The Influence Of Cultural Background On Wayfinding Cues In Unfamiliar Buildings
Building disorientation increases visitors' anxiety, damages the reputation of the organization, and reduces efficiency in visitors and staff. European Americans are better at recognizing and remembering focal objects in scenes than background information compared to East Asians. Combining these two literatures, I conducted an experiment manipulating focal and background wayfinding cues in interiors to test whether European Americans would rely more on focal cues and less on background cues than East Asians. I chose the hotel setting because many inhabitants are unfamiliar with these spaces, often from different cultures, and minimal signage is typical. To perform the same experiment in US and in Korea, I created navigatable virtual environments. Contrary to the hypothesis, there was no interaction between ethnicity and cue type in wayfinding performance. However, consistent with previous studies, European Americans remembered focal objects but did not associate them with their backgrounds. I also provided design guidelines for practitioners.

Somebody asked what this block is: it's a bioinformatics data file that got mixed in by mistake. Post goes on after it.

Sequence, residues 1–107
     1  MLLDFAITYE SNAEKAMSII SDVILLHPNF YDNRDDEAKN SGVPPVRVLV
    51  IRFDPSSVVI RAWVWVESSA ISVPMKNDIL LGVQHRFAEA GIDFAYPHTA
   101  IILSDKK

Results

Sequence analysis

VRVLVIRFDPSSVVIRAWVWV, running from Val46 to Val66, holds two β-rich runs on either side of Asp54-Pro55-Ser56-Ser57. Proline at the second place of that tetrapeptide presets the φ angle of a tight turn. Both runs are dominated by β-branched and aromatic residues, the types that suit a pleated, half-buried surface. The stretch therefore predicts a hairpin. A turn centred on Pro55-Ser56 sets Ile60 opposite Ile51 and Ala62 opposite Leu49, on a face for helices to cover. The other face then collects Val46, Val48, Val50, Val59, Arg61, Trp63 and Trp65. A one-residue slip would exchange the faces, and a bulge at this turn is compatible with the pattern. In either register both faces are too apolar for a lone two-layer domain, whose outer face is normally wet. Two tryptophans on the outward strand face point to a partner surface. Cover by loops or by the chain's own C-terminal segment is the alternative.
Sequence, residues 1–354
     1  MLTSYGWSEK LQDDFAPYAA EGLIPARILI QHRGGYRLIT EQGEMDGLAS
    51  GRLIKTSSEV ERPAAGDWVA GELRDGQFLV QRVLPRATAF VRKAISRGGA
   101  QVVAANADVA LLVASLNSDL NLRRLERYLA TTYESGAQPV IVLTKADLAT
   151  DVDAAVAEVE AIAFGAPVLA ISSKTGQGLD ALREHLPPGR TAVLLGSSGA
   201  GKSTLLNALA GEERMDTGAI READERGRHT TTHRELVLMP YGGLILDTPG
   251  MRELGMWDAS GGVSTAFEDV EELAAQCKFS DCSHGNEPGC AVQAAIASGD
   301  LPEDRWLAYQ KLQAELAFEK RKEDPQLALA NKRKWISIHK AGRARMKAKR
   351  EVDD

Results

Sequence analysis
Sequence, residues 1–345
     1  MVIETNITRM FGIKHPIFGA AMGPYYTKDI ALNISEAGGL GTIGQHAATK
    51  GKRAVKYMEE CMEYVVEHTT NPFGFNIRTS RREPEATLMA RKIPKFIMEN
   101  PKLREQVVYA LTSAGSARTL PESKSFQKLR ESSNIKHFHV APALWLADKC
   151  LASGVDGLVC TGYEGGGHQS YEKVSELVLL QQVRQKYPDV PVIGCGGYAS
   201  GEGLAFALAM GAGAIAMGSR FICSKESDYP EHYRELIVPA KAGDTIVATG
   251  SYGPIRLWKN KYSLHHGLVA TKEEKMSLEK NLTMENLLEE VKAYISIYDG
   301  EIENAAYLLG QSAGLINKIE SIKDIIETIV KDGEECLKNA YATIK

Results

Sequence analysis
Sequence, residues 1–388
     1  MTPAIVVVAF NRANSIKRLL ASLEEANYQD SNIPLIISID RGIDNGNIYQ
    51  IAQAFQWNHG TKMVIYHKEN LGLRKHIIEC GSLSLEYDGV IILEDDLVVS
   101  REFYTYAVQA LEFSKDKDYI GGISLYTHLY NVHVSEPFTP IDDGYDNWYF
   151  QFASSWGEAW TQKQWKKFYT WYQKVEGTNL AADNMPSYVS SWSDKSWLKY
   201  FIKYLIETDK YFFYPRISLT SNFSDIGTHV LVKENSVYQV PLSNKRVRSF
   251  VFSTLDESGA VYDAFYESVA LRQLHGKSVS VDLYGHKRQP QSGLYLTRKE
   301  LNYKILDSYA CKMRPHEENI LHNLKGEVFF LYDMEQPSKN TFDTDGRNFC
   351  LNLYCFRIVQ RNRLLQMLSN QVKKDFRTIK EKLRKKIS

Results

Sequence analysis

Wayfinding; Cultural background; Hotel design
Evans, Gary William
Tabacchi, Mary Huddleston; Cutting, James Eric
M.S. of Human-Environment Relations
Master of Science
dissertation or thesis